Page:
I was embarrassed the other day when I, a self-confessed music enthusiast, discovered for the first time the existence of an amapiano hit song called Lorch.
It is a song, I discovered after my son demanded it, by the sensational Kabza De Small and DJ Maphorisa featuring Semi Tee, Miano and Kammu Dee. (Don’t worry. My son, when he gets to read this, will correct me if my credits are off the mark.)
Music derives from universal experiences, and so do the many appellations we christen it by. South Africa has a lively music cosmos tenanted by a wide variety of genres and styles. These are important because almost all the time people say, for example, that they like all music except for reggae or gospel or some other genre. And therein lies the thrust.
I have friends in the music industry who are naturally a lot more knowledgeable than me where these things are concerned. However, I think it is safe to point out, having already spoken about Lorch, that amapiano receives its heredities from extractions of music put together and commercialised across townships and in suburbs, if we acknowledge post-1994 migration patterns.
It contains unmistakeable keys that invoke baselines and harmonies which enjoin reminiscences about kwaito and rhythm that situates you in the 1990s if you think of South African House music.
From the above you can see that at times moving and sensuous but almost habitually hedonistic amapiano vibe is decidedly South African in its personality.
Listen to Lorch or Shesha or AmaDM and you will know that it is a sentiment, amapiano.
It is an existence, a drive. It is a quickly developing genre which boldly declares this sentiment, this existence and this drive straight to merrymakers found in the electric township streets and alike to the club scene in the metros.
But this force, this beat that currently defines nightlife conduct, is in and of itself not enough to endure into the future.
I contend that amapiano, a culture that is greater than merely what we hear booming loud across the country, is in fact betrayed by its makers. Through their absence in the intellectual discourse about the past, present and future of the subgenre, they are denying enthusiasts and potential supporters of this subgenre information. This information should make them see amapiano for what it is – a phenomenon far greater than just a beat at times (mis)understood to be a mere flask for profanities.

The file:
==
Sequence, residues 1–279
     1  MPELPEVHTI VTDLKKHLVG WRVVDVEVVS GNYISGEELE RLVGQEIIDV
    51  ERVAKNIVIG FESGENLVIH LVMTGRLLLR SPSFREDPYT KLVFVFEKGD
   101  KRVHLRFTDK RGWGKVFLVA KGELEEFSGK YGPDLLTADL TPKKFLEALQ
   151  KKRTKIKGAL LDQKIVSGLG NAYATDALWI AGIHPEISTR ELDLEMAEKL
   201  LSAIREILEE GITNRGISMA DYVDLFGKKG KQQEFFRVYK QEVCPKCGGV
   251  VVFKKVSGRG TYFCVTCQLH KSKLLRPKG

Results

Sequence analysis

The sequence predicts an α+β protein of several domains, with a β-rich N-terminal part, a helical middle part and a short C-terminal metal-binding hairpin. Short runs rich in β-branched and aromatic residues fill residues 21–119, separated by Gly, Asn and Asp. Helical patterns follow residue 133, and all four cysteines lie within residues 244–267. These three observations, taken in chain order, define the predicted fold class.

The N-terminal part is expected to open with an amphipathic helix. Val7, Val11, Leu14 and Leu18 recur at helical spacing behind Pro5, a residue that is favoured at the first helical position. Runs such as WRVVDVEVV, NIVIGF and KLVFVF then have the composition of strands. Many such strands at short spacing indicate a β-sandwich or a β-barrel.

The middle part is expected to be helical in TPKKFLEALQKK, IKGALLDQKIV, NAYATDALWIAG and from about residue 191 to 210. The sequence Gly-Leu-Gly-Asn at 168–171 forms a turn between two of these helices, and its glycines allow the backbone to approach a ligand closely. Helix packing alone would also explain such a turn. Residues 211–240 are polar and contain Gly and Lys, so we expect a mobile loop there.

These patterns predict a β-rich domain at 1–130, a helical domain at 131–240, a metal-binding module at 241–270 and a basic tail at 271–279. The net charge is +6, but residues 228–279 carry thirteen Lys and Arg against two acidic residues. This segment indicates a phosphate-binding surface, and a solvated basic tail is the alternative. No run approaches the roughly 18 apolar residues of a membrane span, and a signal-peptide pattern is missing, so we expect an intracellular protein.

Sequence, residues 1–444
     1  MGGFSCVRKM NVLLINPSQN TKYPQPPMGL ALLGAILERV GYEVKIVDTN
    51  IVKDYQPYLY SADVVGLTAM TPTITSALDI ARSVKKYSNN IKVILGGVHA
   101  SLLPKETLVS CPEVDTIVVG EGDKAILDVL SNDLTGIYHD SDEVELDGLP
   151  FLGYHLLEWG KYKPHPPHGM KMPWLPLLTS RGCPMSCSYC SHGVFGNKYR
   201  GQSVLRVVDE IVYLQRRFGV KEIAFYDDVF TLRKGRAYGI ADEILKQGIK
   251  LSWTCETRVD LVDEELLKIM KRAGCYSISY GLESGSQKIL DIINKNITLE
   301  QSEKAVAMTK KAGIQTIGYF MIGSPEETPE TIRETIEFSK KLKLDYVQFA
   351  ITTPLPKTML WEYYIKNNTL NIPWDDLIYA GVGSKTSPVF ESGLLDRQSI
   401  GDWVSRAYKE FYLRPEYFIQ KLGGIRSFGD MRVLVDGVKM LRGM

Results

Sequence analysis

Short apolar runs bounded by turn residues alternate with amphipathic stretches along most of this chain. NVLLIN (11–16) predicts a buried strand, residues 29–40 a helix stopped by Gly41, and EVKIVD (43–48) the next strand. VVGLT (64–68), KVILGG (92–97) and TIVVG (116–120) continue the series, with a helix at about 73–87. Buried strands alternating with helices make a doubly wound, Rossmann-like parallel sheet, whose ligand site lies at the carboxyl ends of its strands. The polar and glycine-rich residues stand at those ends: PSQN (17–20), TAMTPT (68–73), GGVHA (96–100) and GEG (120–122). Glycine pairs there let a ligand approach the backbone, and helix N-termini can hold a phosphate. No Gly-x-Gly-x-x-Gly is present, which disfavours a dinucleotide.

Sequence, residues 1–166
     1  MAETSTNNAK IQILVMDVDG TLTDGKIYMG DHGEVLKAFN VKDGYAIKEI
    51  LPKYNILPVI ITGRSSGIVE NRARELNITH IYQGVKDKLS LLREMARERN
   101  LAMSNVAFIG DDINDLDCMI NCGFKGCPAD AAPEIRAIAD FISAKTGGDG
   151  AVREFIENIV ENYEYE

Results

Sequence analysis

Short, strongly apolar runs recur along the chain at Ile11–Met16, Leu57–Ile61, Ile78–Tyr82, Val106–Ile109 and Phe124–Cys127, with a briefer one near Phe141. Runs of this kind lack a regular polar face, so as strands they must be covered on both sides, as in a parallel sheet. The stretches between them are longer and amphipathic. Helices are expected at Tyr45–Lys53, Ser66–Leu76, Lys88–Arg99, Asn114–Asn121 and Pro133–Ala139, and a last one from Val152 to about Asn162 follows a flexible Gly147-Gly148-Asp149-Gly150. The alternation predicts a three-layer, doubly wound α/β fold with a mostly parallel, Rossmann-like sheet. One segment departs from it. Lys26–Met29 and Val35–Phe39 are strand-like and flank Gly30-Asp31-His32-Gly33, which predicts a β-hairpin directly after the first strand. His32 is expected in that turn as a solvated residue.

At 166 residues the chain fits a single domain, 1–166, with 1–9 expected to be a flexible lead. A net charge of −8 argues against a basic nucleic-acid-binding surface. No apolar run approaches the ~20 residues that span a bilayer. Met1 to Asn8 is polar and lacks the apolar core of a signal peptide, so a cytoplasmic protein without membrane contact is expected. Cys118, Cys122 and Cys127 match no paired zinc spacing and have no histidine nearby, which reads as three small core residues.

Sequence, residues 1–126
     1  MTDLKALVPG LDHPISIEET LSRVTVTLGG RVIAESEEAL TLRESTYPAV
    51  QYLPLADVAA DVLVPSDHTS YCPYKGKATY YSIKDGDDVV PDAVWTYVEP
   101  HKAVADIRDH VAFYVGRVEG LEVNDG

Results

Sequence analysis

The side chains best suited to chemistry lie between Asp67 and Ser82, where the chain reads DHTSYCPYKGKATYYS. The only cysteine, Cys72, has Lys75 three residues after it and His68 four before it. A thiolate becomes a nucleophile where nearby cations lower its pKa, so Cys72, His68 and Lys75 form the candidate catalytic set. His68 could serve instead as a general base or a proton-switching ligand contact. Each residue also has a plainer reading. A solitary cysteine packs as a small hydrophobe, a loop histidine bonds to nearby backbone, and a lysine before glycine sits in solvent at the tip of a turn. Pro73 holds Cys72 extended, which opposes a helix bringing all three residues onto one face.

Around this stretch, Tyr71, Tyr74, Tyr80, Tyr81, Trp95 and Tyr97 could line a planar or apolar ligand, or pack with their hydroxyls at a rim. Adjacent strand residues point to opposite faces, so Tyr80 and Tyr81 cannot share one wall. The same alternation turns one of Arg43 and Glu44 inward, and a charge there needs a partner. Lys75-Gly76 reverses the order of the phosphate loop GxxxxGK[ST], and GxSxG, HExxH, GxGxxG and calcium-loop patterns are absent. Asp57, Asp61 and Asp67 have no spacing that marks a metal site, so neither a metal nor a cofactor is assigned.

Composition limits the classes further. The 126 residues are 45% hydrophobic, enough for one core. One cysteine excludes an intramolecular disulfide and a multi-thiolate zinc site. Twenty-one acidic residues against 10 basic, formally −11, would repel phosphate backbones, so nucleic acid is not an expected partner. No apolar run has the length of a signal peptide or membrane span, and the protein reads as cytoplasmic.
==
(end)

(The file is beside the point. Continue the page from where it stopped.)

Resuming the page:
It is like this subgenre is populated by people whose only place is the studio, and then a music video and that radio interview and a performance, followed if all goes well by that fancy car.
This is dismaying because frankly, the subgenre is not bereft of forward-looking record executives. We can say what we want about it, but in its essence, amapiano is a culture that poses important questions about the mediation of social particularities and the people who construct those particularities.
It is a culture which involves a medley of elements deemed symbolic of the present, in many cases ably packaging them in order to confront society with its own realities – toothsome or otherwise. We are made to dance to our issues. It is a revolution, this thing.
Yet we see across social media spaces a concerted moralising against the subgenre, but the practitioners do not seem persuaded to show us why this moralising is a misrepresentation.
It is my contention that there is a need for practitioners themselves, not just interested parties such as myself and music journalists, to set out to deepen our understanding of the relationship between the popular subgenre and cultural heritage, and in fact to clearly characterise this subgenre as cultural heritage.
I hold that practitioners ought to play a more pronounced role in highlighting the value of this subgenre in all its manifestations and defend its preservation and diffusion for posterity as well as articulate the ways in which this preservation and diffusion can be achieved. The likely refutation, that going into the studio to produce hits is in itself enough to preserve and diffuse this subgenre, is quite frankly lazy and tangential. Just ask architects of gqom and kwaito. They will tell you.
Theorising about the ways in which amapiano is a cultural heritage that deserves longevity and preservation is critical to its survival and continued success. Conversely, an absence of this theorising will serve to aid its demise.
Unless more is done for the subgenre by those involved, one will be forgiven to believe that this is but just another accidental commercial vehicle which is being exploited by those who know that another “sentiment”, another “existence”, another “drive” is on the cards. And soon amapiano will occupy a deep, (dis)quiet grave.
Phepheng is an author and doctoral candidate at the University of the Western Cape.
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